Early risk factors for suicide in an epidemiological first episode psychosis cohort

Schizophr Res. 2011 Mar;126(1-3):11-9. doi: 10.1016/j.schres.2010.11.021. Epub 2010 Dec 23.


Background: Much remains unknown about whether there are early risk factors for suicide in psychosis.

Aim: The aim of the study was to determine whether there are any identifiable early symptom clusters, aetiological factors or illness course markers for suicide in first episode psychosis.

Method: A total of 2132 patients with first episode psychosis presenting to secondary care services in London (1965-2004; n=1474), Nottingham (1997-1999; n=195) and Dumfries and Galloway (1979-1998; n=463) were traced after up to 40 years (mean 13 years) following first presentation. Risk factors were identified from the Operational Checklist for Psychotic Disorders rated for the first year following presentation.

Results: Overall, there were 51 suicides and 373 deaths from other causes. Male gender (RR 2.84, 95% CI 1.20-6.69, p=0.02) and a cumulative threshold effect of symptoms early in the illness (RR 6.81, 95% CI 2.33-19.85, p<0.001) were associated with a higher propensity for later completed suicide. There was also a suggestion that early manic symptoms might increase the risk of later suicide irrespective of initial diagnosis.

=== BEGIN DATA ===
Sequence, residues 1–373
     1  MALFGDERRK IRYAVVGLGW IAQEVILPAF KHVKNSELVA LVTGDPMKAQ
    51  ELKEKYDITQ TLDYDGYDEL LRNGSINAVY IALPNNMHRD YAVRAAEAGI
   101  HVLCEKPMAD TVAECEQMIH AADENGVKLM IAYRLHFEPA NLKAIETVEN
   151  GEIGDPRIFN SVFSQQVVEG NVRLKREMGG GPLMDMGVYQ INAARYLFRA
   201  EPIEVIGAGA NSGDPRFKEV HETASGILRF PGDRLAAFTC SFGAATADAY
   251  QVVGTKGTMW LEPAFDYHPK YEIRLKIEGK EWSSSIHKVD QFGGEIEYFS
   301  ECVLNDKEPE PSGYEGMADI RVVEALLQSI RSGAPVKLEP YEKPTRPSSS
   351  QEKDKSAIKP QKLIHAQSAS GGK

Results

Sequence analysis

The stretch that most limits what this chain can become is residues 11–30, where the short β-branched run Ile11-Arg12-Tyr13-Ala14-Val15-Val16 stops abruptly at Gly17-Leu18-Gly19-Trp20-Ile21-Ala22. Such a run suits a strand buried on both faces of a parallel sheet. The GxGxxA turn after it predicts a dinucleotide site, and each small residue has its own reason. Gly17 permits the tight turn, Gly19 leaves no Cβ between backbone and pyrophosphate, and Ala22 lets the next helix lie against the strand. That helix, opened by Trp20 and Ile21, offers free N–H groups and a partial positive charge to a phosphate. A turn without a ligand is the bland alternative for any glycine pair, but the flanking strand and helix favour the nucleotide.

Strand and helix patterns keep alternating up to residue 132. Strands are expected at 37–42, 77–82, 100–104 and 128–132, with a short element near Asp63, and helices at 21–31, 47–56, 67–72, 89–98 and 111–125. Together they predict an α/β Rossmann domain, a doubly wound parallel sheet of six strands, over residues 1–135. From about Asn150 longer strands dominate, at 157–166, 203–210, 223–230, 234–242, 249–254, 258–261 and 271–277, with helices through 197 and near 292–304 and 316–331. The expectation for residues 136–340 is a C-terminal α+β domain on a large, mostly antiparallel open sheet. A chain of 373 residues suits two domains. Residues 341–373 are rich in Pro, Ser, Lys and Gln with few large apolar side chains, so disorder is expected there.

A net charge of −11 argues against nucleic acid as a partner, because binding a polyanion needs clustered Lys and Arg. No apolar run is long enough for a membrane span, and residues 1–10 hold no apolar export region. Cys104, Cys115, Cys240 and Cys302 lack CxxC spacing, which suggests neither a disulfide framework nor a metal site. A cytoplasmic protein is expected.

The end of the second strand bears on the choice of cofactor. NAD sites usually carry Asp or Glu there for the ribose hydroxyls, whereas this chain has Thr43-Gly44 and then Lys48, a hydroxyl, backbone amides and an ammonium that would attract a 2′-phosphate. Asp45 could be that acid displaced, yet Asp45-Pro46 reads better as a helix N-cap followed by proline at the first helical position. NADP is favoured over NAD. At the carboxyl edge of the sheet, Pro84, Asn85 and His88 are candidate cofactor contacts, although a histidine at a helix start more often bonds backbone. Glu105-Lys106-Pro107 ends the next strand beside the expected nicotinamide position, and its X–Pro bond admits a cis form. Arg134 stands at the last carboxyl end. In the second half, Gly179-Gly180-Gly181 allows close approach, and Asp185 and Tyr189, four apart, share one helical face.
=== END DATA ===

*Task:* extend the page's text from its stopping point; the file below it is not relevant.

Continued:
Conclusion: Suicide risk was associated with a cumulative threshold effect of symptoms and manic symptoms. As suicide is a relatively rare event in psychotic disorders, general population-based prevention strategies may have more impact in this vulnerable group as well as the wider population.

Publication types

  • Research Support, Non-U.S. Gov't

MeSH terms

  • Adult
  • Analysis of Variance
  • Cohort Studies
  • Female
  • Humans
  • Male
  • Proportional Hazards Models
  • Psychiatric Status Rating Scales
  • Psychotic Disorders / diagnosis
  • Psychotic Disorders / epidemiology*
  • Psychotic Disorders / psychology*
  • Retrospective Studies
  • Risk Factors
  • Sex Factors
  • Suicide / psychology*
  • Suicide / statistics & numerical data*
  • Time Factors
  • United Kingdom / epidemiology